If readers of the novel found the story familiar, it was definitely by design. In his preface to the novel, author Hall states that while the town of Warlock is a fabrication, many of the characters “are composites of figures who still live on the frontier between history and legend” and that “by combining what did happen with what might have happened, I have tried to show what should have happened.” And Hall’s version of what should have happened emerges as a literary achievement of rare distinction and a major American novel of the Western frontier.

The novel was bought by 20th Century-Fox and in 1959 the film version was released. Directed by Edward Dmytryk from a screenplay by Robert Alan Aurthur, WARLOCK stars Henry Fonda as Clay Blaisedell and Anthony Quinn as Tom Morgan. Richard Widmark also stars as Johnny Gannon, the former member of the McQuown gang who becomes legal deputy sheriff and Blaisedell’s antagonist. Though some of the sub-plots and characters of the long novel-such as the labor problems and a military martinet-had to be eliminated, the film is a faithful adaptation of the novel and captures the complex characterizations and relationships that made the original work so enthralling.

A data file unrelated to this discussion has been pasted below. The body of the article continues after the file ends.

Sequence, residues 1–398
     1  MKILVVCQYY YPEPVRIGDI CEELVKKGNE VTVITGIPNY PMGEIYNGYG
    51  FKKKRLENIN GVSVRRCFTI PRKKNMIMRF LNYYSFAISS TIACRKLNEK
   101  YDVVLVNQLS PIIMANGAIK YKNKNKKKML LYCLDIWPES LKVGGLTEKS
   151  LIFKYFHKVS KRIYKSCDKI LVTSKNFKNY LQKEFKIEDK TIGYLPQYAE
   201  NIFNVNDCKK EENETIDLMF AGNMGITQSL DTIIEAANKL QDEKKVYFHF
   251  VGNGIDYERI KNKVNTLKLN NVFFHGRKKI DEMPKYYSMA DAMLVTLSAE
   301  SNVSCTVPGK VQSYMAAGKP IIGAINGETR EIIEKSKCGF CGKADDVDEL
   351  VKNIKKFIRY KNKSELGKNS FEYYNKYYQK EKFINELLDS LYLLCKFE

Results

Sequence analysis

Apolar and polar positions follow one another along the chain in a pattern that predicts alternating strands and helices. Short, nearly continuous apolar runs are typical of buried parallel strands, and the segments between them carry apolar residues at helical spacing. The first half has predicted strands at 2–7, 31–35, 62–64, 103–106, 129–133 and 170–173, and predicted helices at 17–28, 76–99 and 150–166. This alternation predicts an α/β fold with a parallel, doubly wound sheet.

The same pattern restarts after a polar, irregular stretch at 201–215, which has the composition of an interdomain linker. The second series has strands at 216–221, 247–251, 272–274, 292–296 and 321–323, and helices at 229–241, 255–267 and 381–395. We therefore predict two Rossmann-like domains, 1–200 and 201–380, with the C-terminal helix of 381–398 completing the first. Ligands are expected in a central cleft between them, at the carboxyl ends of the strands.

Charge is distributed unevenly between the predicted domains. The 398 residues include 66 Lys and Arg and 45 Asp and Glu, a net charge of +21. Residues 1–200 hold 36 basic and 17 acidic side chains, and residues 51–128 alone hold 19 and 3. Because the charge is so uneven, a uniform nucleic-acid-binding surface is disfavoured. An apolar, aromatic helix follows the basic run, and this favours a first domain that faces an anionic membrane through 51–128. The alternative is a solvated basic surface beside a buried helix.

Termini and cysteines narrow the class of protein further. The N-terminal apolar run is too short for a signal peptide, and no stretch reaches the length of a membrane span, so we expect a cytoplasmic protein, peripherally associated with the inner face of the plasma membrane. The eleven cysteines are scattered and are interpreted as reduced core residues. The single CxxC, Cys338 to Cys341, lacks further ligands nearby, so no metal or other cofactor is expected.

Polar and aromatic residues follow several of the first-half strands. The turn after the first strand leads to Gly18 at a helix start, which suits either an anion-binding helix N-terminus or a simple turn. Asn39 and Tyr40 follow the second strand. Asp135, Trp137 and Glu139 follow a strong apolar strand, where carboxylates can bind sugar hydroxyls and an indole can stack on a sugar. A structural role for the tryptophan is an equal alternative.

WARLOCK begins with the humiliation of the town sheriff by the McQuown gang who celebrate their victory over law and order with a night of hell-raising which ends with the senseless killing of a barber. The stage is thus set for the arrival of a savior as the desperate and frightened citizens realize they need someone to do their killing for them. But Clay is not a professional killer; he is an honorable and complex man and when he and Tom arrive they bring not only their guns but a deed to the local gambling palace. They come to Warlock not only to bring law and order but also to increase the size of their bankrolls. This a practical act, not a greedy one, for Clay knows that the money he is being paid to endanger his life will hardly pay for his ammunition. As they arrive in Warlock, Clay and Tom see just another town to tame and more money to earn. They have no premonition that Warlock will be the last town they will tame together, that their souls will be bared and that one will have to kill the other.